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  Presidential Proclamations

  Washington - Obama

The Power to Proclaim ... by Brandon Rottinghaus, University of Houston
Brandon RottinghausA presidential proclamation is “an instrument that states a condition, declares a law and requires obedience, recognizes an event or triggers the implementation of a law (by recognizing that the circumstances in law have been realized)” (Cooper 2002, 116). In short, presidents “define” situations or conditions on situations that become legal or economic truth. These orders carry the same force of law as executive orders – the difference between the two is that executive orders are aimed at those inside government while proclamations are aimed at those outside government. The administrative weight of these proclamations is upheld because they are often specifically authorized by congressional statute, making them “delegated unilateral powers.” Presidential proclamations are often dismissed as a practical presidential tool for policy making because of the perception of proclamations as largely ceremonial or symbolic in nature. However, the legal weight of presidential proclamations suggests their importance to presidential governance. - click to continue reading this research note
Select
Year  
President Date Title
Abraham Lincoln January 10, 1865 Proclamation 122 - Concerning Commerce
Abraham Lincoln February 17, 1865 Proclamation 123 - Convening an Extra Session of the United States Senate
Abraham Lincoln March 11, 1865 Proclamation 124 - Offering Pardon to Deserters
Abraham Lincoln March 17, 1865 Proclamation 125 - Ordering the Arrest and Prosecution of Those Furnishing Arms to Hostile Indians
Abraham Lincoln April 11, 1865 Proclamation 126 - Closing Certain Ports
Abraham Lincoln April 11, 1865 Proclamation 127 - Opening the Port of Key West
Abraham Lincoln April 11, 1865 Proclamation 128 - Claiming Equality of Rights with All Maritime Nations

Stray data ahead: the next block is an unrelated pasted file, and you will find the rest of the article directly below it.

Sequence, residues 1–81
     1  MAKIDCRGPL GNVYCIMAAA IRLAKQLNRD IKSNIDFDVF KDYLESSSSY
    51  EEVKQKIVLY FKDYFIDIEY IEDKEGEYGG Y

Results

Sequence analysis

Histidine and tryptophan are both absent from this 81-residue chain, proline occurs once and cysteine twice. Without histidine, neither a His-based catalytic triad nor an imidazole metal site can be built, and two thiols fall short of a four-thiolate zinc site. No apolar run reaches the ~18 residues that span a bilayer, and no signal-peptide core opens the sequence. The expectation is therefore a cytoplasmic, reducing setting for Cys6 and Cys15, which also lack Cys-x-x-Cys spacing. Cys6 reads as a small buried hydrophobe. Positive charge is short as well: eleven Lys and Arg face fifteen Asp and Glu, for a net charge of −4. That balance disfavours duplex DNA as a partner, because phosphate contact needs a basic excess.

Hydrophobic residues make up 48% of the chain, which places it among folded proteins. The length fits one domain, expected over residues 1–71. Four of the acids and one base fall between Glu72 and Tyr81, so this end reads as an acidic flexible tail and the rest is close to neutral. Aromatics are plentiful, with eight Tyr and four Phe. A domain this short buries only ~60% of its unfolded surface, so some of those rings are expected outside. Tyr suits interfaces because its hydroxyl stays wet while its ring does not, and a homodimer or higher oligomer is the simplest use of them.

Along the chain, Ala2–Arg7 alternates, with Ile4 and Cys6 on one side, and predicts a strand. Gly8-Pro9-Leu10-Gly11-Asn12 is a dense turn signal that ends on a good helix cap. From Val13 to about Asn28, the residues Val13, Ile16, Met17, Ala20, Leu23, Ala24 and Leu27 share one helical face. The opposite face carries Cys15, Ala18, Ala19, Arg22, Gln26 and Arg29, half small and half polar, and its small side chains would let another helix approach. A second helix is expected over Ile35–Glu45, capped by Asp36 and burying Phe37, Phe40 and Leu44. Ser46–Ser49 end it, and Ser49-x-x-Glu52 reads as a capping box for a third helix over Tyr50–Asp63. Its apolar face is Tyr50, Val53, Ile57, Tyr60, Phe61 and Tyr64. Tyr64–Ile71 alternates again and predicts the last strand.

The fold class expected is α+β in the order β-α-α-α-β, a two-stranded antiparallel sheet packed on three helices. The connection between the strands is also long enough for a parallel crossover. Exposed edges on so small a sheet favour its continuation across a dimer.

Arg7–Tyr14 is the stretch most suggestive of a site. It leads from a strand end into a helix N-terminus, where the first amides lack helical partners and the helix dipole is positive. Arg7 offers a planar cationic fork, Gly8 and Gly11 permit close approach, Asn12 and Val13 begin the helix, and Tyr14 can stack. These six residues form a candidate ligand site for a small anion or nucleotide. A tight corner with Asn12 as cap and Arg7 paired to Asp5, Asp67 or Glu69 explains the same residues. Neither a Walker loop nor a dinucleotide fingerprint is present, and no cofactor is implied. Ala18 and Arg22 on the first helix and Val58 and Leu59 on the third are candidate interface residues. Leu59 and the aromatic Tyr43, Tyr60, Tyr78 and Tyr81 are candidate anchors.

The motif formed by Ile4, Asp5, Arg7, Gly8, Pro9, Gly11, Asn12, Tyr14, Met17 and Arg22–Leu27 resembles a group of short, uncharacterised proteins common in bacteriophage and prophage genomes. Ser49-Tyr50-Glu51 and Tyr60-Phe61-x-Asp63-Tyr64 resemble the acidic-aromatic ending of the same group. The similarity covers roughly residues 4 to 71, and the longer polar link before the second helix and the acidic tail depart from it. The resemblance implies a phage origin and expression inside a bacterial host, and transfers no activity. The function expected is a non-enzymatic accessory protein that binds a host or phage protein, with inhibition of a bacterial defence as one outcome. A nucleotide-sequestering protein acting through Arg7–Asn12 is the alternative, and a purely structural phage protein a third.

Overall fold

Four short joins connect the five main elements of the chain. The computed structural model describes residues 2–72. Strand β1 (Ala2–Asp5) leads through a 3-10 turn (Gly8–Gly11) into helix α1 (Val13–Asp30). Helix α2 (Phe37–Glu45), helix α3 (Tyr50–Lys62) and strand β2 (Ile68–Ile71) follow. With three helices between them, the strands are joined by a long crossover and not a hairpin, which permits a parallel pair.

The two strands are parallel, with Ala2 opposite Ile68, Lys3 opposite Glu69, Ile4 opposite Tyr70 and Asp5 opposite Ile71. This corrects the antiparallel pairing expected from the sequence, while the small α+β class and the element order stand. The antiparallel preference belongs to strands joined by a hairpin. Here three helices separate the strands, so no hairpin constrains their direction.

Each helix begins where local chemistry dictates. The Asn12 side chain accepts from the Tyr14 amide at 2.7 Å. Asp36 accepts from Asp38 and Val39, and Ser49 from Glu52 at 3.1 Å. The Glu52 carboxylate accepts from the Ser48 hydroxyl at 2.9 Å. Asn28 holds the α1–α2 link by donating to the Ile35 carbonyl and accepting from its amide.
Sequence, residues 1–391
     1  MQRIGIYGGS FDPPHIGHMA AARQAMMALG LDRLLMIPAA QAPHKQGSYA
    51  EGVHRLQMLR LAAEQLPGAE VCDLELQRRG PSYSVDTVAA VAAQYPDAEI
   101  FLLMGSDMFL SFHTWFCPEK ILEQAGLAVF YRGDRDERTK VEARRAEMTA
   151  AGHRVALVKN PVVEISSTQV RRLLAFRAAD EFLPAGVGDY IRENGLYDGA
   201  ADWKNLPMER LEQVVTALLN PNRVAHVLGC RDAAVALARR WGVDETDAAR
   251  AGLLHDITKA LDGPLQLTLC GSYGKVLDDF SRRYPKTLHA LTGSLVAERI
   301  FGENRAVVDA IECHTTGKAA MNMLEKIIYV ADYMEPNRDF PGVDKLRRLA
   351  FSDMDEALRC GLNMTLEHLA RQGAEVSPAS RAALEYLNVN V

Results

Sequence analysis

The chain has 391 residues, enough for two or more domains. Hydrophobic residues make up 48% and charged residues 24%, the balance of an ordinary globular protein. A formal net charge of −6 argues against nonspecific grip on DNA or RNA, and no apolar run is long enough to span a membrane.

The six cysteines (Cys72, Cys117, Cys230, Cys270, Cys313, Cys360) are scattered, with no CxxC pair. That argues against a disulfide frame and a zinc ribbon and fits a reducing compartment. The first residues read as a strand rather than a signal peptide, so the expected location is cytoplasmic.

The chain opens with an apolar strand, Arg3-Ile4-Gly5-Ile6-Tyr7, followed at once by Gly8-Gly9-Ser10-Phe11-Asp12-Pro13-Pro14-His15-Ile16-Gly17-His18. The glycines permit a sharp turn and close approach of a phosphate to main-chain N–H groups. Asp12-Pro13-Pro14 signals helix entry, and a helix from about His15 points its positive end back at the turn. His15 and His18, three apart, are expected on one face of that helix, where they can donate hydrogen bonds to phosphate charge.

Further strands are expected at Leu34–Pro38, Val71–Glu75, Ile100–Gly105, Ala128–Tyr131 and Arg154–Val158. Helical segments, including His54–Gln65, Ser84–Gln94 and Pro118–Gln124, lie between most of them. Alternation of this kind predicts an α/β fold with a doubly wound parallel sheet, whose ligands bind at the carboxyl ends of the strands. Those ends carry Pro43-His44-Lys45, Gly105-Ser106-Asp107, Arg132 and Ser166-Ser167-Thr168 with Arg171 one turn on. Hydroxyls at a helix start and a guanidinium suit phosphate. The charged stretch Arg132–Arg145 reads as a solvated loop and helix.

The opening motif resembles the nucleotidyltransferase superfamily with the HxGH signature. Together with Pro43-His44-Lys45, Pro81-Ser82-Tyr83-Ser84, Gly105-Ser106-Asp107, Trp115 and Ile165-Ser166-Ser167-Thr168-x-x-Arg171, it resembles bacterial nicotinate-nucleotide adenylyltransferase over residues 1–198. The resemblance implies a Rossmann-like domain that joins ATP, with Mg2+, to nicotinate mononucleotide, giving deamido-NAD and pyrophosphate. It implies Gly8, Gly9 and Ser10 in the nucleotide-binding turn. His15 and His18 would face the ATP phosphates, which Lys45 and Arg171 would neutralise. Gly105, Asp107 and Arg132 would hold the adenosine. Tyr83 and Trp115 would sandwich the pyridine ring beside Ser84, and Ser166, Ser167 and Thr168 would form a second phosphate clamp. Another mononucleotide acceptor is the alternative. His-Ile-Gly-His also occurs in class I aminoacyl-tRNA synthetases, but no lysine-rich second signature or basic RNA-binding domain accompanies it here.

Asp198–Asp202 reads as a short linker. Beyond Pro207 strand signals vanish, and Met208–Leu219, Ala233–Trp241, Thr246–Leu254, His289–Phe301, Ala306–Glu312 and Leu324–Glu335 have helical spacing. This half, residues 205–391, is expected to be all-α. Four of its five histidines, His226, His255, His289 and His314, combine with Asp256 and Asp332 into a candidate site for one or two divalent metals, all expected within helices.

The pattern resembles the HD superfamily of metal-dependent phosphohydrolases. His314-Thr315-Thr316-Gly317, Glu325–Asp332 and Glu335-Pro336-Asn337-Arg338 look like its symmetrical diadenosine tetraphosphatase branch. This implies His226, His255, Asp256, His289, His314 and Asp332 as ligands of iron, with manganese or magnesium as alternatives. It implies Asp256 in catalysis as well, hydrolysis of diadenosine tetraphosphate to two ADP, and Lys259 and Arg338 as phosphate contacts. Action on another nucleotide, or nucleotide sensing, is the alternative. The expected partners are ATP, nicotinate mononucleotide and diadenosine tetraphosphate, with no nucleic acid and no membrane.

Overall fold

Andrew Johnson April 25, 1865 Proclamation 129 - Day of Fasting, Humiliation and Mourning for the Death of President Lincoln
Andrew Johnson April 29, 1865 Proclamation 130 - Postponing the Day of Mourning for the Death of President Lincoln Until June 1
Andrew Johnson May 2, 1865 Proclamation 131 - Rewards for the Arrest of Jefferson Davis and Others
Andrew Johnson May 10, 1865 Proclamation 132 - Ordering the Arrest of Insurgent Cruisers
Andrew Johnson May 22, 1865 Proclamation 133 - Raising the Blockade of Certain Ports
Andrew Johnson May 29, 1865 Proclamation 134 - Granting Amnesty to Participants in the Rebellion, with Certain Exceptions
Andrew Johnson May 29, 1865 Proclamation 135 - Reorganizing a Constitutional Government in North Carolina
Andrew Johnson June 13, 1865 Proclamation 136 - Reorganizing a Constitutional Government in Mississippi
Andrew Johnson June 13, 1865 Proclamation 137 - Removing Trade Restrictions on Confederate States Lying East of the Mississippi River
Andrew Johnson June 17, 1865 Proclamation 138 - Reorganizing a Constitutional Government in Georgia
Andrew Johnson June 17, 1865 Proclamation 139 - Reorganizing a Constitutional Government in Texas
Andrew Johnson June 21, 1865 Proclamation 140 - Reorganizing a Constitutional Government in Alabama
Andrew Johnson June 23, 1865 Proclamation 141 - Raising the Blockade of All Ports in the United States Including Galveston, Texas
Andrew Johnson June 24, 1865 Proclamation 142 - Removing Restrictions on Trade West of the Mississippi River
Andrew Johnson June 30, 1865 Proclamation 143 - Reorganizing a Constitutional Government in South Carolina
Andrew Johnson July 13, 1865 Proclamation 144 - Reorganizing a Constitutional Government in Flordia
Andrew Johnson August 29, 1865 Proclamation 145 - Removing Trade Restrictions on Contraband of War
Andrew Johnson October 12, 1865 Proclamation 146 - Declaring an End to Martial Law in the State of Kentucky
Andrew Johnson October 28, 1865 Proclamation 147 - Thanksgiving Day, 1865
Andrew Johnson December 1, 1865 Proclamation 148 - Revoking the Suspension of the Writ of Habeas Corpus, Except in Certain States and Territories

Presidential proclamations do have important political and historical consequences in the development of the United States, including President Washington’s Proclamation of Neutrality in 1793 and President Lincoln’s Emancipation Proclamation in 1863.

Other more recent policy-based proclamations have also made a substantial impact on economic and domestic policy, including President Clinton’s declaration of federal lands for national monuments and President Bush’s declaration of the areas affected by Hurricane Katrina as disaster areas.

Proclamations are also used, often contentiously, to grant presidential pardons, particularly important for President Ford who pardoned President Richard Nixon and President Carter draft evaders in Vietnam..

Although less significant in terms of public policy, proclamations are also used ceremonially by presidents to honor a group or situation or to call attention to certain issues or events. For instance, President George H.W. Bush issued a proclamation to honor veterans of World War II and President Reagan called attention to the health of the nation’s eyes by proclaiming a “Save Your Vision Week”.

Brandon Rottinghaus
University of Houston

References
Cooper, Phillip J. 2002. By Order of the President: The Use and Abuse of Executive Direct Action. Lawrence: University of Kansas Press.


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